Today, Zerion partners with Daylight to offer a comprehensive suite of perks and whitelists to members in their community. There is a healthy pipeline of inbound interest from social platforms and dapps that want to be featured on Zerion, and users spend more time in-app to browse for opportunities. Ultimately, the non-obvious idea this follow-up experiment revealed was this - users are self-custodial humans who are brave and seek alpha. They need cutting-edge tools and updated information to perform as seamlessly as possible. Zerion can help users find alpha and opportunities that are rarely found elsewhere.
Experiment #2: Creating Content on Mirror.xyz
Another experiment Zerion conducted is around content creation on Mirror.xyz - the web3 native publishing platform that turns content into NFTs. Whereas Zerion was one of the first who experimented with dynamic NFTs, the opposite holds true for content creation. In Abhishek’s words, “Zerion was a little late to the on-chain content space”, having joined the platform a year after launch.
However, this did not deter Zerion from experimenting with content creation. The second article posted on Zerion’s Mirror page was a fundraising campaign for earthquake victims in Turkey and Syria. As Abishek and his team saw the crypto world rallying together to financially contribute, they decided to offer the Mirror post for 0.005 ETH and made 10,000 editions available. Within a month, the fundraising objective was reached, and 10 ETH was recently transferred to Anka Relief.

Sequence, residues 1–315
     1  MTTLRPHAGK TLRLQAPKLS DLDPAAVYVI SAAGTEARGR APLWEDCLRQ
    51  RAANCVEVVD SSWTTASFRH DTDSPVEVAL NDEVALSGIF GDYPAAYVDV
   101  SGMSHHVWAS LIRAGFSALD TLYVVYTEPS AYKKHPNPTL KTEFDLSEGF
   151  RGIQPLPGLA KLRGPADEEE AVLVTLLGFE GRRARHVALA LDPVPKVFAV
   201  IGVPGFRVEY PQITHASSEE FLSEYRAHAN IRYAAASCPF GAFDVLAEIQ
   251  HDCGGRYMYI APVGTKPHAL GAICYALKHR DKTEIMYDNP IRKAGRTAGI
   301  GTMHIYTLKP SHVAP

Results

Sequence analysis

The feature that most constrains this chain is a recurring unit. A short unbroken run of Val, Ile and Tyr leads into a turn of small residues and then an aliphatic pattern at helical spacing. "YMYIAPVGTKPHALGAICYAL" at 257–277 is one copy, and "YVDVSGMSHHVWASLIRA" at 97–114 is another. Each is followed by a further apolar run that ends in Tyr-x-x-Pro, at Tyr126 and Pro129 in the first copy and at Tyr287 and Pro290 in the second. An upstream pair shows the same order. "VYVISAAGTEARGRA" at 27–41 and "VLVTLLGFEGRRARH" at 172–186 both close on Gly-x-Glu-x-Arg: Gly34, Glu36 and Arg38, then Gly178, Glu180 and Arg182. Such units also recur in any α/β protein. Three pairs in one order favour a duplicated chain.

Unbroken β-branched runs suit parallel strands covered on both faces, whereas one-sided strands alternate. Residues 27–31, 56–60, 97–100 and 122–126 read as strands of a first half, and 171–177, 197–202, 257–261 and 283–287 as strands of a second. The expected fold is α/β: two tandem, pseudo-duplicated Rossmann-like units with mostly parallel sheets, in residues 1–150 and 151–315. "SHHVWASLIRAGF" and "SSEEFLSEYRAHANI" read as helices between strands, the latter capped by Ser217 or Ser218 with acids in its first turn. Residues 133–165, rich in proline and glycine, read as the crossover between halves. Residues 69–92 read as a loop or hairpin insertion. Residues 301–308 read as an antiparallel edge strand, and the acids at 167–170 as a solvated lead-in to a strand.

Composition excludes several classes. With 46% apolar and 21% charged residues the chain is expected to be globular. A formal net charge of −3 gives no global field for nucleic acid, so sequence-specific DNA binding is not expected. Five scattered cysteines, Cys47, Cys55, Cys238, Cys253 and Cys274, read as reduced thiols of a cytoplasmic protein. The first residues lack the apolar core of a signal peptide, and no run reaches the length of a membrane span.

This underscores an important lesson in experimentation - it is never too late to start. Over 70k Zers have minted subscriber NFTs on Mirror – one of the few projects to achieve such impressive traction, alongside Coinbase and Optimism.
Experiment #3: Monetizing POAPs
Experiments around proof-of-attendance NFTs (POAPs) have also led to a non-obvious idea - adding friction is not always a bad thing. In fact, it can increase engagement.